Thanks to the generosity of donors, the interest generated by trust funds, and to some supplementary funding furnished by the University Library’s central administration, the NCC has been able to purchase currencies that have substantially improved the diversity and research value of the collection, especially in areas relating to the economic conditions and fiscal policies of North Carolina and other southern states during the colonial, Revolutionary, and early federal periods. The Gallery has also been adding a wide range of tokens and public and private scrip to its holdings, along with examples of later state and federal issues. Specimens from other nations also continue to be acquired, for foreign currencies have formed an important subcategory in the collection since its creation in 1942. Overall, the collection remains dedicated to preserving North Carolina’s numismatic past. Nevertheless, a proper interpretation of that past cannot abruptly stop at the state’s borders. Having examples of currencies from other states and nations is important for conducting comparative studies and presenting exhibitions that place North Carolina’s monetary past within broader historical and geographical contexts.
Today, the library’s currency collection constitutes half of the 20,000 historic objects managed by the North Carolina Collection Gallery. The ongoing development of this large body of numismatic material is dependent on continuing public support. Collectors familiar with current market prices in numismatic collectibles know very well that Bechtler and Charlotte gold coins, many antebellum private bank notes, and every type of North Carolina national bank note command huge, often astronomical prices. Such costs can easily exhaust the NCC’s annual interest from its numismatic funds, frequently making it impossible for the department to compete successfully in auctions of rare specimens. At best, the NCC’s available funds allow it to purchase only a few important pieces a year.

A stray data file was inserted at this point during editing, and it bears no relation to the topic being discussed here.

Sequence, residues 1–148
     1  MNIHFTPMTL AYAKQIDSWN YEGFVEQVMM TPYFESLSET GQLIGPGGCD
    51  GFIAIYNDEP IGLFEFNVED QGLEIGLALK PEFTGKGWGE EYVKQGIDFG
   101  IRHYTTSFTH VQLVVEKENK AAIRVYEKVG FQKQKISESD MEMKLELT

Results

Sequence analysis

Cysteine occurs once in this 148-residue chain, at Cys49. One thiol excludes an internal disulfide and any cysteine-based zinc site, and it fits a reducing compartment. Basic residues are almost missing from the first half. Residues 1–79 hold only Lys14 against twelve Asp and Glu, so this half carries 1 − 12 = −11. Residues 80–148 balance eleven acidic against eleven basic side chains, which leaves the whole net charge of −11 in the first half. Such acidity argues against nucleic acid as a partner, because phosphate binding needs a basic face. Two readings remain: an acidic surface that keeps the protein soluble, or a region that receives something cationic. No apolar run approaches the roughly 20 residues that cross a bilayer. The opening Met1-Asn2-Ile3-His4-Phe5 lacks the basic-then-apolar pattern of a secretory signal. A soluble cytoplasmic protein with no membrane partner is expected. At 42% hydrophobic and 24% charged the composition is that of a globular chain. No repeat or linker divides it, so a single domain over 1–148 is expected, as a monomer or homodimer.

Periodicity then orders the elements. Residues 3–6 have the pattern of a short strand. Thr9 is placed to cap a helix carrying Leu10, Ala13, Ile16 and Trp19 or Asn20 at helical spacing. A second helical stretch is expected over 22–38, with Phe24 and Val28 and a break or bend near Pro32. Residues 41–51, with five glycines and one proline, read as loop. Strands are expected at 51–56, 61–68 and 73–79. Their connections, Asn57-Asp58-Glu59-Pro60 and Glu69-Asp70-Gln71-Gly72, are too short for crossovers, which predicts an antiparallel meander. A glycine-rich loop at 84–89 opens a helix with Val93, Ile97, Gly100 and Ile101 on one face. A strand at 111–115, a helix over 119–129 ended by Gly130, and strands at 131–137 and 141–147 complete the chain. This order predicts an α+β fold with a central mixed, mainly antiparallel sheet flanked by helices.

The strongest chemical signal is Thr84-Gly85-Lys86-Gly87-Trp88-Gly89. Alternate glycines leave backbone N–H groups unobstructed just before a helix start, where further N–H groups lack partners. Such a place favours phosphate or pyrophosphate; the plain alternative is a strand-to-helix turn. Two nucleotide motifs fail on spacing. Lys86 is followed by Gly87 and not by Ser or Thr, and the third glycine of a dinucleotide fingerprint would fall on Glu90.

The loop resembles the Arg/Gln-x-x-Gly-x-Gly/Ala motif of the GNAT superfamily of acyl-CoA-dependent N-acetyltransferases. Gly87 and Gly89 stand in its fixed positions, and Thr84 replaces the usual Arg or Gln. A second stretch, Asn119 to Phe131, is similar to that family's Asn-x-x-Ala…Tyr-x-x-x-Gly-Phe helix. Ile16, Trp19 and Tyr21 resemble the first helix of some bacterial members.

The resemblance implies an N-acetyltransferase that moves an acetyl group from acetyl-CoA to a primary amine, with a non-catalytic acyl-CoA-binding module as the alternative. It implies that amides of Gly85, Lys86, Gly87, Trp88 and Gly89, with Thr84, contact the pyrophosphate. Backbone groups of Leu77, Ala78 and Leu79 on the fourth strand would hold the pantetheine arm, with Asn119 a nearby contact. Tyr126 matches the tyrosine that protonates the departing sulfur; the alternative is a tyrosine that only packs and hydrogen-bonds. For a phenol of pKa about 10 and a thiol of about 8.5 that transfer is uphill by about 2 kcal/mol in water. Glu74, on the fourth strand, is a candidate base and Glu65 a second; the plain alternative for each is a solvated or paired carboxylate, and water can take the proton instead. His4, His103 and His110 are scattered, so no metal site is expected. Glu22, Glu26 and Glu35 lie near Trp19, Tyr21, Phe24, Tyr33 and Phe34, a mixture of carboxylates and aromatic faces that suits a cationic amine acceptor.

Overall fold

Whether it is an assembly of books, photographs, or historic moneys, great reference collections are not effectively built by periodically adding a handful of pieces; they rely instead on the acquisition of entire collections or large groupings of historic materials. The NCC continues to gain a reputation among donors as a place where they can deposit and preserve for future generations the numismatic pieces they have either inherited from relatives or have dedicated many years themselves to acquiring and researching. Such additions not only enhance the research value of the library’s collection, they can also serve as memorials, as in the cases of the aforementioned gifts made by Henry H. Philips in 1997 and by Polly Pittman in 2000. More recently, Dr. Sarah Davis of Chapel Hill continued this trend. In 2006, she generously donated 693 pieces of Civil War currency as a lasting tribute to her grandfather. This Matthew S. Davis Collection includes Confederate notes, along with several small “bricks” of North Carolina notes still bound in their original payment wrappings.
More than six decades have elapsed since the founding of
the University Library’s numismatic collection. Alexander Andrews, Librarian
Olan Cook, Claude Rankin, and others associated with its early development
would no doubt be pleased if today they could examine the library’s
holdings of historic moneys and see on public display some of the same specimens
with which they had worked so long ago. No doubt, too, those gentlemen would
be astounded by our modern electronic networks and its capabilities, how numismatic
images and information about the collection can be shared instantaneously
and worldwide with the tap of a few computer keys. In the coming years, such
expanding technologies will afford the library even greater opportunities
to share this part of its extensive resources and to advance its ongoing mission
of building the finest collection of state currency in the nation.